Never Forget: High School Sports Return After 9/11

by Hunter Bower // Owner

Where were you?

As each year passes, it’s a question posed to those who witnessed perhaps the darkest of days in the history of the United States unfold.

The terrorist attacks carried out on September 11, 2001 will be forever etched into the memories of Americans who witnessed a failed attempt to destroy our nation.

What was to be a normal day throughout all high schools in the state of Louisiana turned into a solemn period for teachers and their students, coaches and their players, parents and their children. 

What those students and coaches discovered would not only affect that one day but their lives forever.

“I didn’t listen to the radio on my ride to school so when I walked into the building I saw people crying,” said Plain Dealing head coach Christopher Wilson, then a junior football player at C.E. Byrd. 

Wilson’s initial discovery of the attacks left him in disbelief.

“Once I got to my class my teacher had the TV on and that’s when I tuned in and little did I know that everything we knew would all change that day,” said Wilson.

Southwood softball coach Wade Strother was on duty that morning when he overheard the school librarian explaining that a pair of airplanes had crashed into the north and south towers at the World Trade Center in New York City.

“I was just numb watching it and trying to explain what was occurring to my ninth-grade class,” said Strother. “We rolled a huge TV that was sitting on a cart into my room and watched as everything played out during the remainder of the school day.”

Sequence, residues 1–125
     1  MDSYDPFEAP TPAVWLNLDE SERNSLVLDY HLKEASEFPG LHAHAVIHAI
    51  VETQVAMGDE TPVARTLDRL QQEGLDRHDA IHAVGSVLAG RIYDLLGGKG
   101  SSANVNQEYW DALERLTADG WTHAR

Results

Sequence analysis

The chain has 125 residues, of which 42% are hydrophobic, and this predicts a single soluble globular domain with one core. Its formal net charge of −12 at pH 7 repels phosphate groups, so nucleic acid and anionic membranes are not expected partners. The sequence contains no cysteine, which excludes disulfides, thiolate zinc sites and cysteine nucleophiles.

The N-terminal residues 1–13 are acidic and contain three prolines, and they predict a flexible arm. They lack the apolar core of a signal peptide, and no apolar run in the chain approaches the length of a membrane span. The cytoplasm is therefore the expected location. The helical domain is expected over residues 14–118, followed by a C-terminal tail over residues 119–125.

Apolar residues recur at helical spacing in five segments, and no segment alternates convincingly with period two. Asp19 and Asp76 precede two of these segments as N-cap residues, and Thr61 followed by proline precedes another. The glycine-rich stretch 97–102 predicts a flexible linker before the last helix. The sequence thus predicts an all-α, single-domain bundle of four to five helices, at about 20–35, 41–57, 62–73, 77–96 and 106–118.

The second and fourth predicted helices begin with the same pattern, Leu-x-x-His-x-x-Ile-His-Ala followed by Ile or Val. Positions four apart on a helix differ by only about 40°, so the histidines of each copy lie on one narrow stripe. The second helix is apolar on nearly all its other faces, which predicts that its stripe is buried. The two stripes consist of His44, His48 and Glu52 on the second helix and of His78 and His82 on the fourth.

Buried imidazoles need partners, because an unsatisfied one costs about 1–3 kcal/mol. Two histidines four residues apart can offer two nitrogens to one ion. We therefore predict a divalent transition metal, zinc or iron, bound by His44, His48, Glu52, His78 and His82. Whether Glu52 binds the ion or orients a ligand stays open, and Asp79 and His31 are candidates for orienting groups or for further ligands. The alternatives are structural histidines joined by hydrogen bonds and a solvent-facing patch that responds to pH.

Over in the northeastern part of the state, a young Ryan Gregory, then a football player at Oak Grove High School remembers the day vividly.

“Wow, it’s crazy that 20 years have gone by,” said Gregory, who now serves as the Tigers’ head football coach. “It was my senior year and I remember exactly where I was. We heard what was going on and all watched it the rest of the day in the library.”

The attempt to deviate Americans from their daily lives was thwarted just days after the attacks when high school athletics in Louisiana were among the first to get back to work and send a message to those who committed those despicable acts that they were not going to win. 

“We just felt like we needed to respond by doing what American loves to do on Friday nights in the fall as quickly as possible as not to give credit to the evil that perpetrated the attacked against our great country,” said Dennis Dunn, who was serving as head football coach at Evangel at the time of the attacks.

Volleyball contests were held in gymnasiums filled with red, white, and blue while patriotism oozed from the confines of high school football stadiums across the Bayou State. 

“I remember the Yankees decided to play a baseball game just a few days after the attacks and it being a very prideful moment for our country and that things like this will not stop us or will not deter us,” said former O.P. Walker football coach Frank Wilson. “We will move on with a civil life and we’ll continue to progress as a country. Sports was the one thing that could bring us together.”

As proud patriots hoisted mini American flags throughout the school’s rendition of the Star-Spangled Banner, they were once again reminded how lucky they were to live in a country where they could do the things they loved once again.

A slew of high school football teams was proud to take the field that Friday night with the Stars and Stripes leading the way as they charged the gridiron.

Many booster club presidents and parents would whip out a smoke machine as their team approached in hopes of that one last attempt in intimidating the visiting sideline.

On that night, however, those teams glided through the smoke-filled atmosphere with the spirit of America boisterously displayed with pride at the forefront of the event.

It was poetic that in all of the chaos that ensued just days earlier, the Friday Night Lights gave proof through the night, that our flag was still there.